So be it: 19 December 2010. The Presidential election in Belarus won’t bring any surprises anyway.
The election will take place before Belarus and Russia agree on new gas prices, which could rise from the current $185 per thousand cubic metres to $250 and threaten Belarus’ social stability.
The authorities have said already that the vote will fully comply with national laws.
Minsk promises to invite the maximum amount of foreign observers. The OSCE/ODIHR mission will be more interested to see if it complies with international standards. In the past, they have always said Belarus’ elections fail to meet democratic norms. Interestingly, their CIS observer mission colleagues from former Soviet countries have always said the opposite.
The upcoming campaign will be different – this time Minsk cannot rely on silent approbation from Moscow. Russian diplomats in the OSCE and CIS missions might work together to make the two reports more similar. But would Moscow favour a more positive OSCE verdict or a more negative CIS one than usual?
The information war between Minsk and the Kremlin is plain to see. But not what lies behind it. Belarusian experts say Russia has no strategy for the Belarus election and will not try to topple Lukashenka. It’s unlikely that Russia would like to sponsor a revolution of any colour in Belarus. It might want to make the Belarusian leader as nervous as possible ahead of the hydrocarbon price talks, however.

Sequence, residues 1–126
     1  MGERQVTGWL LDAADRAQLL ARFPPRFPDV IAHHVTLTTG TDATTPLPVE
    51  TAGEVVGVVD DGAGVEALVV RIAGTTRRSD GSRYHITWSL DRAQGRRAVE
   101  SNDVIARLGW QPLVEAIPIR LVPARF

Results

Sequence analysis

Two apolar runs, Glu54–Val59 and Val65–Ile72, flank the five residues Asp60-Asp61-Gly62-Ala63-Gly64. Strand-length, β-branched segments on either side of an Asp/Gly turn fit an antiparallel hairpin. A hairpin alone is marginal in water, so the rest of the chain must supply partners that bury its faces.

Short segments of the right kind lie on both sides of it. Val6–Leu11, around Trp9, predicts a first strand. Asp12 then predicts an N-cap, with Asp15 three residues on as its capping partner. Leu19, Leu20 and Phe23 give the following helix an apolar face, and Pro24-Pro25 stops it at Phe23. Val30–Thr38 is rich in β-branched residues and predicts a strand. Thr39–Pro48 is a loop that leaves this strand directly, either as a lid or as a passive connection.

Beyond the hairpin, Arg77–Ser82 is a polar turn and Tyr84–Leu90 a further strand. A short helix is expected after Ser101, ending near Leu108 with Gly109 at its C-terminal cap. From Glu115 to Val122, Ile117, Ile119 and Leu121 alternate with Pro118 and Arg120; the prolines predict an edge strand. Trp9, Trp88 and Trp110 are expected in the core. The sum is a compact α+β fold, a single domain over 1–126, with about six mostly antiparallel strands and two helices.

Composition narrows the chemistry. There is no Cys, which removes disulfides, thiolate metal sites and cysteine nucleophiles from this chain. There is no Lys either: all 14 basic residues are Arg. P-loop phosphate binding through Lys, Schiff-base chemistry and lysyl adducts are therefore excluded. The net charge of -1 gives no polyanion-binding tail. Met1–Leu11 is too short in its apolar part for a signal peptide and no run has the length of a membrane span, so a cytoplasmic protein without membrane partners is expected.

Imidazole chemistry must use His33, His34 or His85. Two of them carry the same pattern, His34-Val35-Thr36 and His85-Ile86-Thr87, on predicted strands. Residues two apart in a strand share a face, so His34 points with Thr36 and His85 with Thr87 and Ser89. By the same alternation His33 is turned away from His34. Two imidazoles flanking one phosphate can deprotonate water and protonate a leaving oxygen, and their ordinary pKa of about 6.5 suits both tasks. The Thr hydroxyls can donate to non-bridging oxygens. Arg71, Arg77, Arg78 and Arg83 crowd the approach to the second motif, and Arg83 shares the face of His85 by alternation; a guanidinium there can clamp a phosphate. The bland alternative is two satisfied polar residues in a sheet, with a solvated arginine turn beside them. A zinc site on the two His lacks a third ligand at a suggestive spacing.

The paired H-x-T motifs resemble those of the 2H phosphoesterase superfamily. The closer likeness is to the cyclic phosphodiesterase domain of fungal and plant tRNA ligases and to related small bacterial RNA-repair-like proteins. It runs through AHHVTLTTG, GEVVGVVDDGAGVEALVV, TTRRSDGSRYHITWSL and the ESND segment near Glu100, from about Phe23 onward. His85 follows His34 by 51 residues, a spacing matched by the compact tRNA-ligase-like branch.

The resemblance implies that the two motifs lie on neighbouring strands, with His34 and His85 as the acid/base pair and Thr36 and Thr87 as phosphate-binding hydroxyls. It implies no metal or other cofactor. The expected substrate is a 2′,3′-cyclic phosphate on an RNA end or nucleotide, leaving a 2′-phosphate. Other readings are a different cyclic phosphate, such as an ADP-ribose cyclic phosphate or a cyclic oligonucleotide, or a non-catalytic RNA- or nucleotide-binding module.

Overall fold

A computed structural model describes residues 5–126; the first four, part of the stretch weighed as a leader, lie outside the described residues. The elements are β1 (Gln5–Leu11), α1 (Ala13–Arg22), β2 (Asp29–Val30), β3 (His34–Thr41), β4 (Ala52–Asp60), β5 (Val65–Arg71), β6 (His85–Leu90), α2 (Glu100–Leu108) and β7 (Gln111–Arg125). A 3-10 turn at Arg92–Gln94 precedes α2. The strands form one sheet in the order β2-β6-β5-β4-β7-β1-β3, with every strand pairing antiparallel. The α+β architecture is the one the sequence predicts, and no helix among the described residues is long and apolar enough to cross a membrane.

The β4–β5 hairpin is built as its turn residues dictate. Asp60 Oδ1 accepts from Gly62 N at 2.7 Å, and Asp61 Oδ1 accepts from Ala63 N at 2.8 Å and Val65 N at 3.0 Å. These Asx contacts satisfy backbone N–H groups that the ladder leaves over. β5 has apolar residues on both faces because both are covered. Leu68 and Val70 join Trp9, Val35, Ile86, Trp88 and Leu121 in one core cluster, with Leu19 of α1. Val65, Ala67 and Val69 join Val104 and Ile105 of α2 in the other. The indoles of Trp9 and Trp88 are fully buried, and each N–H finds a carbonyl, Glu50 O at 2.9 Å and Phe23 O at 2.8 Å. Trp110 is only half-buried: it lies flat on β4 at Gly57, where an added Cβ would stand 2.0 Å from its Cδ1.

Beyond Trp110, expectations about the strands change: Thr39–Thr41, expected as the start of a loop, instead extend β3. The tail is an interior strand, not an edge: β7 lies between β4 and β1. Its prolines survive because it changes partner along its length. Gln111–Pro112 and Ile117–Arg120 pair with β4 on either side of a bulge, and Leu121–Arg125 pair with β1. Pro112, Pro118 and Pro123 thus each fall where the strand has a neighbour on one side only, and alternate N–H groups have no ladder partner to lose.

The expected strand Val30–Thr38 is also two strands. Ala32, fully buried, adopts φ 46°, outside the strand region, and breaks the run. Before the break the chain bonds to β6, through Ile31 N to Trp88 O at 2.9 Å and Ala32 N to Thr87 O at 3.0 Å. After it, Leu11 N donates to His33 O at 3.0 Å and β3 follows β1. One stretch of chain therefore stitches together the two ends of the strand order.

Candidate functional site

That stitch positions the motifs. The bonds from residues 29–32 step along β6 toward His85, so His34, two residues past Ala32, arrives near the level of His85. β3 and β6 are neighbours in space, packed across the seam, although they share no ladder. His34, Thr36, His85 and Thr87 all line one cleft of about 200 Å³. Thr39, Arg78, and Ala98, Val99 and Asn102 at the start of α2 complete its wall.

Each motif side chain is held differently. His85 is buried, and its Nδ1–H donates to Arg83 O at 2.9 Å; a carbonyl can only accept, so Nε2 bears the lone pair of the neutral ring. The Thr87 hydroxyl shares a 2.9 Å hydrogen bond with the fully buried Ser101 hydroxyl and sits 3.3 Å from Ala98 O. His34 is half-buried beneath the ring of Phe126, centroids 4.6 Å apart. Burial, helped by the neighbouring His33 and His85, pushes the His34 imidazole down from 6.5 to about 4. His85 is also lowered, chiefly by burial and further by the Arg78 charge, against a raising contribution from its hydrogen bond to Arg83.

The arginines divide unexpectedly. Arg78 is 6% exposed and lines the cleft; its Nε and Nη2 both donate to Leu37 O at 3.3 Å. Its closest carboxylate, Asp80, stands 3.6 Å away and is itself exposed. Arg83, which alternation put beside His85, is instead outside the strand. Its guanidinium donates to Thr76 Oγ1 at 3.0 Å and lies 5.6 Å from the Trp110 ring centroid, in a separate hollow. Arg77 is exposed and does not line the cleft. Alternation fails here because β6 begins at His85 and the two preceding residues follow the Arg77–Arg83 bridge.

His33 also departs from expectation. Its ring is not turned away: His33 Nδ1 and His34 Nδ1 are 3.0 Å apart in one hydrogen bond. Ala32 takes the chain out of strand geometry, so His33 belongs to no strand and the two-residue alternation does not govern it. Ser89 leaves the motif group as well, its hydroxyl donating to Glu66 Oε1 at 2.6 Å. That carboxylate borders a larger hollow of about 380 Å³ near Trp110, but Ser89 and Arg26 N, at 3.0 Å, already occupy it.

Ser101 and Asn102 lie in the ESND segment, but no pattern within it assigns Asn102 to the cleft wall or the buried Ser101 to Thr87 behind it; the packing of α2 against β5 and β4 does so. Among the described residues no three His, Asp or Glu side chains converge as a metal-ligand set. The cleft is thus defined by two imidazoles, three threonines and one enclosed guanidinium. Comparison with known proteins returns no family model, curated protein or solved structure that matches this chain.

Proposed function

This time Lukashenka won’t be able to beat Belarus most famous pro-EU opposition leader Alyaksandr Milinkevich. That’s because Milinkevich announced that he won’t run.
Milinkevich, Europe’s darling, the united opposition candidate, got 20 percent of the vote in 2006, as far as we know. He says he is not taking part in the new elections because they are not elections. He won’t take part in a play, he says, where the director, the playwright and the actor are all one and the same. In his name you see Europe giving up.
The opposition, recently again labelled the “enemies of the people” by Lukashenka, has no common candidate in 2010. There could be up to a dozen pro-democratic romantics keen to be President and several of them running against Lukashenka, and each other, in the final sprint.
There is nothing to indicate that the incumbent will not be re-elected.
The most interesting part will come after elections anyway.
Choose thy love. And love thy choice.